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Illustration: Aïda Amer/Axios

Facebook's independent Oversight Board will be led by two U.S. constitutional scholars, a former prime minister of Denmark and a former official with the Organization of American States.

The big picture: The board is a first-of-its-kind internet governance body, which Facebook spent $130 million to fund to provide independent review of its content moderation decisions.

Details: The board also named a slate of 20 members out of a projected full membership of 40 as part of an official launch Wednesday.

  • The membership spans the political spectrum and includes legal experts as well as people with backgrounds as human rights activists, journalists, political leaders and victims' advocates.

The co-chairs are:

  • Helle Thorning-Schmidt, former prime minister of Denmark and CEO of Save the Children.
  • Jamal Greene, a Columbia Law School professor.
  • Michael McConnell, former U.S. federal circuit court judge and now Stanford Law School professor.
  • Catalina Botero Marino, former Special Rapporteur for Freedom of Expression of the Inter-American Commission on Human Rights of the Organization of American States, who now serves as Dean of the Universidad de los Andes Faculty of Law in Colombia.

By the numbers: All 20 current members of the board have experience advocating for human rights.

  • 70% have experience living in more than one country.
  • Only 5 members are based in the U.S. The rest are from all over the globe.
  • 90% of the current board members speak more than one language.
  • 29 languages are spoken amongst the 20 board members combined.

How it works: Users who are unhappy with a content takedown or other moderation decisions by Facebook will be able to file an appeal with the board, which will choose a handful of key cases to decide.

  • Facebook says it will treat individual content judgments by the board as binding, but responsibility for implementing board decisions will rest solely with the company.
  • Board members say they are committed to carefully balancing freedom of expression with other human rights, to operating transparently, and to representing global diversity.

What they're saying: On a press call before the announcement, the co-chairs described their work as novel and experimental and said they expect to make mistakes.

  • "It's one thing to complain about content moderation and the challenges involved in it. It's another to actually try to do something about it," Green said.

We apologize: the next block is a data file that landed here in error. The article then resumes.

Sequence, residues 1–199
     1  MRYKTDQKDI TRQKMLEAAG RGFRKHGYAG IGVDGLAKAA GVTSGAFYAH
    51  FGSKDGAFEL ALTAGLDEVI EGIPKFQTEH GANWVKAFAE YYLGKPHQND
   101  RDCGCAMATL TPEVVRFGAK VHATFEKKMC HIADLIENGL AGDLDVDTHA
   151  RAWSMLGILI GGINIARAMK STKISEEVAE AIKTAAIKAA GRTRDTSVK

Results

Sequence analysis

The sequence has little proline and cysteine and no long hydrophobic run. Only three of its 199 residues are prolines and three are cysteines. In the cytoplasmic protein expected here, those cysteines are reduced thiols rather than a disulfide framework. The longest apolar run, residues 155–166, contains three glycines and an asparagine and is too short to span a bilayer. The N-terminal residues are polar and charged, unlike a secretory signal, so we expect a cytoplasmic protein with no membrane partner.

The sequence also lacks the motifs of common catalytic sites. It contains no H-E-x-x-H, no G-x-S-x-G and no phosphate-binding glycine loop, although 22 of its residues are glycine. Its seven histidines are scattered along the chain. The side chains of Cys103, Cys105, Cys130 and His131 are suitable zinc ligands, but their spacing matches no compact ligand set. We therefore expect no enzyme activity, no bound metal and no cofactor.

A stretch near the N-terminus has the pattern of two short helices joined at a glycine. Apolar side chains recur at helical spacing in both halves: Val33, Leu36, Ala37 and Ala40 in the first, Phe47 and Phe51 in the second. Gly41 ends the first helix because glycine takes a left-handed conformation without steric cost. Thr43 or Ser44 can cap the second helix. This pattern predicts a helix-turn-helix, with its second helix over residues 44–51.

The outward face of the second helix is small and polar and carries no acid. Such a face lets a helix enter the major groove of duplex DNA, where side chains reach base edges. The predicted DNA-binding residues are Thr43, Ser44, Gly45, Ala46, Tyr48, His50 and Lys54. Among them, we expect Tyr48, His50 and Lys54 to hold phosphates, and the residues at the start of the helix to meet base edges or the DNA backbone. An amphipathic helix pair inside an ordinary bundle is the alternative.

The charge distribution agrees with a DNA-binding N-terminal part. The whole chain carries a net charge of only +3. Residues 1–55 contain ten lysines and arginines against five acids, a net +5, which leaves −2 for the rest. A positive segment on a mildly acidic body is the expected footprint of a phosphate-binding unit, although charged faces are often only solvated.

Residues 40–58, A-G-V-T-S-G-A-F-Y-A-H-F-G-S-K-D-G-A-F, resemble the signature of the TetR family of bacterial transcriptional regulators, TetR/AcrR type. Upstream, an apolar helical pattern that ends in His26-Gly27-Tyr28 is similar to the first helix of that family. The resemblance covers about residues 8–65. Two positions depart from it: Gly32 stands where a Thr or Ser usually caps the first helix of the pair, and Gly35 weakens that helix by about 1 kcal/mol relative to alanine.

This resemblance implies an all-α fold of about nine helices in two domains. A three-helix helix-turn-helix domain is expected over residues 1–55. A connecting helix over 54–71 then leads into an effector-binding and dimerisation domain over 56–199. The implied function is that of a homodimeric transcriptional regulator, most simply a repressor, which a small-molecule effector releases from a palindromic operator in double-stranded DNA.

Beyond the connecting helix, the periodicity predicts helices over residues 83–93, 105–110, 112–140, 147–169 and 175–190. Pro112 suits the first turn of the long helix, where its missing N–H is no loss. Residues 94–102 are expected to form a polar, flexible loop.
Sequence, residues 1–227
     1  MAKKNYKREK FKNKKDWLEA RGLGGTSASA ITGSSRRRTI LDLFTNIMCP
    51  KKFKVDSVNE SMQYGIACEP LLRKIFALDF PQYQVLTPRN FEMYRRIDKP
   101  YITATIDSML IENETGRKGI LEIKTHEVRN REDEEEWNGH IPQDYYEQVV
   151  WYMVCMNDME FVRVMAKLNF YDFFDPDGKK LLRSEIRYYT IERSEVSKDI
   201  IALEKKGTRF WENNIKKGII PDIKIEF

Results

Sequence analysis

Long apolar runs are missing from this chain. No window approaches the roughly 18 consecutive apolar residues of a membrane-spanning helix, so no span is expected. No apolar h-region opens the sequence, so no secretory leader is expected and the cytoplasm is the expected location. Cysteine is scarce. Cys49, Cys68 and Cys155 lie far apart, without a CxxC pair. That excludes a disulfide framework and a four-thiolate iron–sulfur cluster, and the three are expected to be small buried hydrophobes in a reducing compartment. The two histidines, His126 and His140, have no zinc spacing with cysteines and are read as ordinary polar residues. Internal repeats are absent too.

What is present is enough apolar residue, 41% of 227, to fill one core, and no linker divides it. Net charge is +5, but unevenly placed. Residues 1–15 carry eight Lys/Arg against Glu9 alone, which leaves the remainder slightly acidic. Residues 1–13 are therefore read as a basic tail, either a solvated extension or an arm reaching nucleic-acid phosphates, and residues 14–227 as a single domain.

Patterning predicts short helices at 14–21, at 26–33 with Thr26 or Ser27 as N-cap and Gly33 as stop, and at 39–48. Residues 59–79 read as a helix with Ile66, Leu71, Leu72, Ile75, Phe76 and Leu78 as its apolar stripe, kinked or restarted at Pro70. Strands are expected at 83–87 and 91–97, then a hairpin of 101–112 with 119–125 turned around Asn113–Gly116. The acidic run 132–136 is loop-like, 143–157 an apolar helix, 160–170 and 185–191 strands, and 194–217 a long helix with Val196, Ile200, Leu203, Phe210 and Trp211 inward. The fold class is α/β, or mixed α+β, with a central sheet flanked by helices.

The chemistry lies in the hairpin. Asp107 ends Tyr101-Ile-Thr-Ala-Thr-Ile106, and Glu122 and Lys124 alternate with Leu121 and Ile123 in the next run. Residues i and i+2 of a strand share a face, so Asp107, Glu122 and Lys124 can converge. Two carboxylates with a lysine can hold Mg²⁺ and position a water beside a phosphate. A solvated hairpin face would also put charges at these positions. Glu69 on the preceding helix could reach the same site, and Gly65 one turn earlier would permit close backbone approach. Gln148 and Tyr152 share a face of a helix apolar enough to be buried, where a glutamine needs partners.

One huge challenge will be sifting through an expected firehose of potential controversies to pick the few that the organization will be able to adjudicate.

  • McConnell said the criteria will include cases that affect a large number of users, those that have a major effect on public discourse, and those that have a big impact on policies across Facebook's platform.

History lesson: Facebook CEO Mark Zuckerberg first discussed the idea of a Supreme Court-like independent board in April 2018 as a way to counter criticism that the company was inconsistent and unaccountable in its decisions to take content down or leave it up.

  • In November 2018, Zuckerberg committed to the project publicly, and last year the organization rolled out a charter.
  • Facebook provided initial funding and chose the board's four co-chairs after wide consultation, but the board's leadership says it will now operate fully independently from the company.
  • Facebook says it is committed to implementing all board decisions "unless doing so violates the law."

Go deeper: Facebook's constitutional moment

Go deeper

Aug 11, 2020 - Economy & Business

Exclusive: Facebook cracks down on political content disguised as local news

Illustration: Eniola Odetunde/Axios

Facebook is rolling out a new policy that will prevent U.S. news publishers with "direct, meaningful ties" to political groups from claiming the news exemption within its political ads authorization process, executives tell Axios.

Why it matters: Since the 2016 election, reporters and researchers have uncovered over 1,200 instances in which political groups use websites disguised as local news outlets to push their point of view to Americans.

Texas abortion law remains in effect after appeals court ruling

Pro- and anti-abortion protesters outside the Supreme Court as arguments begin about the Texas abortion law on Capitol Hill in November. Photo: Jabin Botsford/The Washington Post via Getty Images

A U.S. appeals court transferred a challenge to Texas' law banning most abortions after about six weeks of pregnancy to the state supreme court in a 2-1 vote on Monday evening.

Why it matters: The 5th U.S. Circuit Court of Appeals' decision means the country's most restrictive abortion law can remain in place for the time being.

2 hours ago - World

At least 2 dead after Tonga volcano eruption and tsunami

A satellite image of the explosive eruption of the Hunga Tonga-Hunga Ha'apai volcano on Saturday. Photo: UNICEF/NOAA

At least two people are confirmed to have died in Tonga following the undersea volcanic eruption that sent tsunami waves toward the island nation and across the Pacific over the weekend, officials said Monday.

The big picture: Officials reported major damage along the western coast of the main island of Tongatapu, where the capital, Nuku'alofa, was covered in ash and dust, including on the runway of the airport. A New Zealand Ministry of Foreign Affairs spokesperson told Axios over the phone that two people had been confirmed to have died in the disaster.